Reducing greenhouse-gas production through carbon capture is a key strategy in addressing global climate change. Oxycombustion using carbon dioxide, water, or a combination of the two as the diluent when burning hydrocarbon fuels with pure oxygen is an approach that allows for easy post-combustion carbon capture. In this work, oxycombustion experiments in a spark ignited engine using methane were conducted using carbon dioxide or EGR (in which exhaust water is not condensed out) as the working fluid. Between the two cases, EGR produced higher brake efficiencies and a lower coefficient of variation of the indicated mean effective pressure for similar operating conditions. For both working fluids it was necessary to have the oxygen concentration higher than 21%. Numerical modeling, using several mechanisms for comparison, indicates that the computed laminar flame speed with EGR is more than twice that using only carbon dioxide. However, for both EGR and carbon dioxide, laminar flame speeds were reduced significantly relative to methane-in-air combustion. Numerical modeling of the methane and oxygen with EGR working fluid provided good agreement with engine results. Based on this work, the use of oxycombustion in engines and other devices should consider including water in the working fluid to improve flame speed and combustion performance.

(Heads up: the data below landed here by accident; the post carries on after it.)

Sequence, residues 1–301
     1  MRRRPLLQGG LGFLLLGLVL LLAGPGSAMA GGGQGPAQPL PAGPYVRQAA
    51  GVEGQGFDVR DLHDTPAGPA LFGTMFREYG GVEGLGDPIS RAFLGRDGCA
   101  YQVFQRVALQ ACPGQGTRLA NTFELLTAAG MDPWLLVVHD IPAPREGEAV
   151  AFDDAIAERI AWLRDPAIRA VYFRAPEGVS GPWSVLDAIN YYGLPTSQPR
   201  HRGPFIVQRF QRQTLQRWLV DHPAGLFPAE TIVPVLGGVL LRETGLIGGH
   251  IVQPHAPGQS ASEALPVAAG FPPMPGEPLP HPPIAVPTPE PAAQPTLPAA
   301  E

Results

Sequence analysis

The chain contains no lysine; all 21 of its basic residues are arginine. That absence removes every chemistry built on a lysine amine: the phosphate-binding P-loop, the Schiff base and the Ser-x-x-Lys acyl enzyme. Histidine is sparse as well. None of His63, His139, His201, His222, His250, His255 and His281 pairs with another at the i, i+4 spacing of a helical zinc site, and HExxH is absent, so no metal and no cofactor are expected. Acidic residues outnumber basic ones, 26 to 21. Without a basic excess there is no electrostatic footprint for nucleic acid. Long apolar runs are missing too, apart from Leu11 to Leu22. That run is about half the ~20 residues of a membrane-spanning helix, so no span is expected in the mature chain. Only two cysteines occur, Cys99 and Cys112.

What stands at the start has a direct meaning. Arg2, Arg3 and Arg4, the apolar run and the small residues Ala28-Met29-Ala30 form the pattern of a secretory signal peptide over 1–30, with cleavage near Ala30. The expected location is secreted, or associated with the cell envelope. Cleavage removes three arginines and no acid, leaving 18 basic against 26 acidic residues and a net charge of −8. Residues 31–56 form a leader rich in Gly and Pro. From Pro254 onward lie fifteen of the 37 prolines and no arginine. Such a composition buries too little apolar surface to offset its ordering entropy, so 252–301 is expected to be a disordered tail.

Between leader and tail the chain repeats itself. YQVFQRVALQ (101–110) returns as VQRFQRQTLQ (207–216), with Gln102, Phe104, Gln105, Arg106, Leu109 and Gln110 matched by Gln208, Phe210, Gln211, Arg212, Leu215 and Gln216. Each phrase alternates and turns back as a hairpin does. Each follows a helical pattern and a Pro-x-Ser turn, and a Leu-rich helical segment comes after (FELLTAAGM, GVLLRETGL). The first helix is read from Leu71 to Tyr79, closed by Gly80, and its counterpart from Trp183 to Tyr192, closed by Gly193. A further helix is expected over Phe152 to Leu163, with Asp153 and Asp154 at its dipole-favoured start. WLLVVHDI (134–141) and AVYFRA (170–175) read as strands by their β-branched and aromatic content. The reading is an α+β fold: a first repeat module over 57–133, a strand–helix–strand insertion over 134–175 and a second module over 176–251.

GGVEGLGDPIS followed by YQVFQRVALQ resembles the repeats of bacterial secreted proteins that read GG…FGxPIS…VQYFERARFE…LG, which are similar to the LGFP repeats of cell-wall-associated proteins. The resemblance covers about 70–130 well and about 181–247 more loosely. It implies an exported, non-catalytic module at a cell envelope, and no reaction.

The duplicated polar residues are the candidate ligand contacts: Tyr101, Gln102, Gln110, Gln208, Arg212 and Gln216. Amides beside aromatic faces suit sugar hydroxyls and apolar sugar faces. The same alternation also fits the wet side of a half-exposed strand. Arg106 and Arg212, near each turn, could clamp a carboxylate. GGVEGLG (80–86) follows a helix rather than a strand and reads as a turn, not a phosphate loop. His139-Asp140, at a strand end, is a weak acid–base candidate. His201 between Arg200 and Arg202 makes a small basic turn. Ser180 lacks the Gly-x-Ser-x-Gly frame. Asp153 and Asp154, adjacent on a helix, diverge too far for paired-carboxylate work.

- Flame speed
ASJC Scopus subject areas
- Chemical Engineering(all)
- Mechanical Engineering
- Physical and Theoretical Chemistry